When ‘parent’ uranium-238 decays, for example, it produces subatomic particles, energy and ‘daughter’ lead-206.
Isotopes are important to geologists because each radioactive element decays at a constant rate, which is unique to that element.
The table below shows characteristics of some common radiometric dating methods.
Geologists choose a dating method that suits the materials available in their rocks. Measuring isotopes is particularly useful for dating igneous and some metamorphic rock, but not sedimentary rock.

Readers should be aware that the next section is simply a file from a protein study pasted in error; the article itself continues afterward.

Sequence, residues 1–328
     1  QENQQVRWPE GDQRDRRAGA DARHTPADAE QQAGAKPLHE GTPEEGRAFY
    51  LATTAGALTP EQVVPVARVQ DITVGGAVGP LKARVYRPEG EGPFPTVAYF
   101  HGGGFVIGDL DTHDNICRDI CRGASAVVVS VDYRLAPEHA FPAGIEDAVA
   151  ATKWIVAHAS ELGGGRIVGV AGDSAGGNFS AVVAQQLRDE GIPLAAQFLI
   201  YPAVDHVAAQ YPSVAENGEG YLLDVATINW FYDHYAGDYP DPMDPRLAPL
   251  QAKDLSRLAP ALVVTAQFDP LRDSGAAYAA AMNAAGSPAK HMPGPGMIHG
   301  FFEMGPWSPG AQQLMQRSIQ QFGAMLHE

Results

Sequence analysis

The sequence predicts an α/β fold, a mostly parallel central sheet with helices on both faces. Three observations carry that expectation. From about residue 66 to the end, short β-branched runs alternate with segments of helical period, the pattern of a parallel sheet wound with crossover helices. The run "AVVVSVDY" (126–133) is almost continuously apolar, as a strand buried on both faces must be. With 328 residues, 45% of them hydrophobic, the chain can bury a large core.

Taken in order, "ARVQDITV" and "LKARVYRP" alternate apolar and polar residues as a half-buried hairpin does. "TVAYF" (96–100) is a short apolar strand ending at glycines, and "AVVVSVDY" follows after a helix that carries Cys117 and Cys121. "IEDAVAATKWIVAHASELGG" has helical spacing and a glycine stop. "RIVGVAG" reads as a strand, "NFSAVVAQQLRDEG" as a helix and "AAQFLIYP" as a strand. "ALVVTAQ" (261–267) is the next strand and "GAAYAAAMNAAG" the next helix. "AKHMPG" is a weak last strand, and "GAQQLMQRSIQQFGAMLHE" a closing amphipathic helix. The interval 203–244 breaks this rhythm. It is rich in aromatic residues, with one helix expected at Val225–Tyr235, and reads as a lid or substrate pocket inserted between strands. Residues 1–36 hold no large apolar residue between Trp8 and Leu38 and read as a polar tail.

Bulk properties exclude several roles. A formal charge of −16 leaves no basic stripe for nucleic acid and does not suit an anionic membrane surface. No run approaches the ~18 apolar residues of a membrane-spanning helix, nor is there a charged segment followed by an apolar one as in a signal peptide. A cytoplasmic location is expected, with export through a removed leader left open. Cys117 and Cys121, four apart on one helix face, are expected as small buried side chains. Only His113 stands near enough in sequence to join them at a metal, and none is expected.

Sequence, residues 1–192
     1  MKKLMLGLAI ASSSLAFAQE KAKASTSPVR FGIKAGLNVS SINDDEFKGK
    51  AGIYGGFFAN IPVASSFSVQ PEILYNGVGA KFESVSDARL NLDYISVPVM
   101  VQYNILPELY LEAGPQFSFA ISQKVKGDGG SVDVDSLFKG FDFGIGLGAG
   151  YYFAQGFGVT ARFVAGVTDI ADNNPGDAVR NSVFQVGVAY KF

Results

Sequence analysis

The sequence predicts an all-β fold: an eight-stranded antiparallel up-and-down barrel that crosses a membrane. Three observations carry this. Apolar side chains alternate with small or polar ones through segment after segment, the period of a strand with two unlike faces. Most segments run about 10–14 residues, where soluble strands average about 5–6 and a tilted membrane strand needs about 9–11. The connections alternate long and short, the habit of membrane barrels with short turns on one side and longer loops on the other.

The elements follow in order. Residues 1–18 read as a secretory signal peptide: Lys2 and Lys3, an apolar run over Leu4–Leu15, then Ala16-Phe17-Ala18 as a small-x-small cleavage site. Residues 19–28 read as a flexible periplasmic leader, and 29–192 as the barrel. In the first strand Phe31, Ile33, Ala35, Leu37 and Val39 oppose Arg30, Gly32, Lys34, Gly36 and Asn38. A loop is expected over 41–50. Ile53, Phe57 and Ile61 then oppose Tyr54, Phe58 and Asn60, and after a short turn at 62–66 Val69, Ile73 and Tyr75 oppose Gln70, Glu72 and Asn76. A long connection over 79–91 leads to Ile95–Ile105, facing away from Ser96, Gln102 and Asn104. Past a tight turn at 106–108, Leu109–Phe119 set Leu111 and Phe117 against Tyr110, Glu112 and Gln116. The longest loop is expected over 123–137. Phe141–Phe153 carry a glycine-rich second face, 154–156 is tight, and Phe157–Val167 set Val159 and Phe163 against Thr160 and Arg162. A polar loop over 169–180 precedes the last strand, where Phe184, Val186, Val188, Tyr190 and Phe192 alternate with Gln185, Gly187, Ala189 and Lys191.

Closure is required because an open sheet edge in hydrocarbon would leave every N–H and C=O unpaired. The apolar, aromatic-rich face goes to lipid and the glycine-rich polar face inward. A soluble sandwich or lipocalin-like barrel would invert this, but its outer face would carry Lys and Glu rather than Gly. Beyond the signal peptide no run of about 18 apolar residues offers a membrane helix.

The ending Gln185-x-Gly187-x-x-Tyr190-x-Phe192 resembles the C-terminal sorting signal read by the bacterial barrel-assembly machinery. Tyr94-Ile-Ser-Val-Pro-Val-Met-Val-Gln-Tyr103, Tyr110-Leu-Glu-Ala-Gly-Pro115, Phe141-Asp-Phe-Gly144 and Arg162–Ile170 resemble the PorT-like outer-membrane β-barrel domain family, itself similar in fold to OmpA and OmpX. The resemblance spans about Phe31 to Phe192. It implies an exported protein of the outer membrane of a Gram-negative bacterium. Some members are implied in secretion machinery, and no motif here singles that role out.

Relative dating includes different techniques, but the most commonly used are soil stratigraphy analysis and typology.Because of the fairly fast decay rate of carbon-14, it can only be used on material up to about 60,000 years old.Geologists use radiocarbon to date such materials as wood and pollen trapped in sediment, which indicates the date of the sediment itself.Each original isotope, called the parent, gradually decays to form a new isotope, called the daughter.Each isotope is identified with what is called a ‘mass number’.Geologists often need to know the age of material that they find.